Patient Testimonials: AnonymousThe great way I feel is the reward!
"When I first began my program at UBC, I was a little skeptical (I admit). However, I knew I would learn something that might prevent a future injury.
I never expected to learn so many things. I concentrated greatly on form and not on speed, because I wanted to create habits that would prevent injuries. I did a lot of lifting exercises in OT (occupational therapy) where proper form was crucial. The exercise that surprised me with results was the push-pull. At first, I didn’t see much benefit, as the pushing and pulling was so easy to do. Jen (UBC-Everett OT assistant) watched us to make sure we were moving our feet, so that we weren’t twisting at the waist to do it. At first, I had to concentrate to make sure it was done correctly. Within a week or two, it became a habit. I noticed that at work, I was moving my feet instead of twisting. The occasional popping sounds I heard in my knees and ankles have stopped. I also noticed that at the end of work, my feet aren’t killing me. The extra movement has helped the circulation.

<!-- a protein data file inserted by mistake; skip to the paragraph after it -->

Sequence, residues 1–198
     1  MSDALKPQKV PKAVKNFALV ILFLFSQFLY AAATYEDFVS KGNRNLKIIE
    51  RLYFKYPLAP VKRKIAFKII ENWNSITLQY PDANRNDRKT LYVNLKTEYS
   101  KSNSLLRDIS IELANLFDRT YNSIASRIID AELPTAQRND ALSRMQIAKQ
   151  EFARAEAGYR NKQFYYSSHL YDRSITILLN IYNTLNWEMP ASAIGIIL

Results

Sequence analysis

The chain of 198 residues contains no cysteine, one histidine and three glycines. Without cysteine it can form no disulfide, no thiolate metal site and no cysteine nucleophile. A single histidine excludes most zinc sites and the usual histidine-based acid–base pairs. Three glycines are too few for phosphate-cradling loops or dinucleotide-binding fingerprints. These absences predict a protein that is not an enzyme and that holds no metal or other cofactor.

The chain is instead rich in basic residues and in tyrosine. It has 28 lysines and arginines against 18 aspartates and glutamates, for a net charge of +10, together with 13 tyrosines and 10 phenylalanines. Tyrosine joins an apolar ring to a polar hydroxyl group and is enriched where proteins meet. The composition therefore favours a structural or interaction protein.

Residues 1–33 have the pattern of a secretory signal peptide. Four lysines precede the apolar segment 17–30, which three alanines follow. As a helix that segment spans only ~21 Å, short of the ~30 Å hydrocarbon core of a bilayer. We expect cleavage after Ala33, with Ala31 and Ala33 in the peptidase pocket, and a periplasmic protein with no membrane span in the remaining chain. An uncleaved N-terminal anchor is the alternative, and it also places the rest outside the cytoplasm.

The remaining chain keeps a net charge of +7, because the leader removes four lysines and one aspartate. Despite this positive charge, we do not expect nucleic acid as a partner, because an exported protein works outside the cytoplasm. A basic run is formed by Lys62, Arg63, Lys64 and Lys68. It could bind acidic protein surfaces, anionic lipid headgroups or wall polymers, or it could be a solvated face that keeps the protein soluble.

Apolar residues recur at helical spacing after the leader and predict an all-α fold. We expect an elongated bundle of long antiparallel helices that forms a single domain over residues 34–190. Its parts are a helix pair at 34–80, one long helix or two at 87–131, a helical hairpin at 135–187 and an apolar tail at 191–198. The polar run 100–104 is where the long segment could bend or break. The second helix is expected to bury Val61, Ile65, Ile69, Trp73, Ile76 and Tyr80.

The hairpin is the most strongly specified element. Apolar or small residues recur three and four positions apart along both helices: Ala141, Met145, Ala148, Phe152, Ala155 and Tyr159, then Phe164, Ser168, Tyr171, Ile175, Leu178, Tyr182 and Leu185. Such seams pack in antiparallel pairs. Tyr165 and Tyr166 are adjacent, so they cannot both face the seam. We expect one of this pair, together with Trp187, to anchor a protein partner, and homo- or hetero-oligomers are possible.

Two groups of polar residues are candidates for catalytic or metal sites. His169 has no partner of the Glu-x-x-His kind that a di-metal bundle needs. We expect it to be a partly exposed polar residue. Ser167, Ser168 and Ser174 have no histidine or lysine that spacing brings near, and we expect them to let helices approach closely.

The back and upper extremity films also taught me a great deal. I never realized that stress and proper nutrition could result in an injury. I also never realized that sitting puts more stress on the back than standing. However, the one topic that has helped my condition the most is ergonomics.
Because of my condition, I will have to modify many tasks to fit my abilities. At work, I will change the way the work is normally done, so that I change activities much more frequently. This will (hopefully) reduce the pain I have when doing the extremely repetitive work. Dr. Welch (UBC medial director) quite frequently referred to the analogy of running marathons. So here is my solution: I may not be able to run a marathon, but I can walk a mile many times and still get to the finish line.
I have never engaged in aerobic activities. As a child it was discovered that I had a heart murmur. Therefore, I was never allowed to participate in physical education in school. A lot of good habits are created in the early years. Most kids that participate in sports tend to be physically active adults. When I first began PT (physical therapy), I thought I would die. I was huffing and puffing and my legs felt like Jell-O. I dreaded it for about the first ten days. The first time I used the elliptical machine, I wanted to stop after three minutes. I didn’t think I could do it for one more second. To my amazement, ten days later I did it for fifteen minutes, and could have done it for longer! The stationary bicycle and the treadmill were even easier than the elliptical machine."
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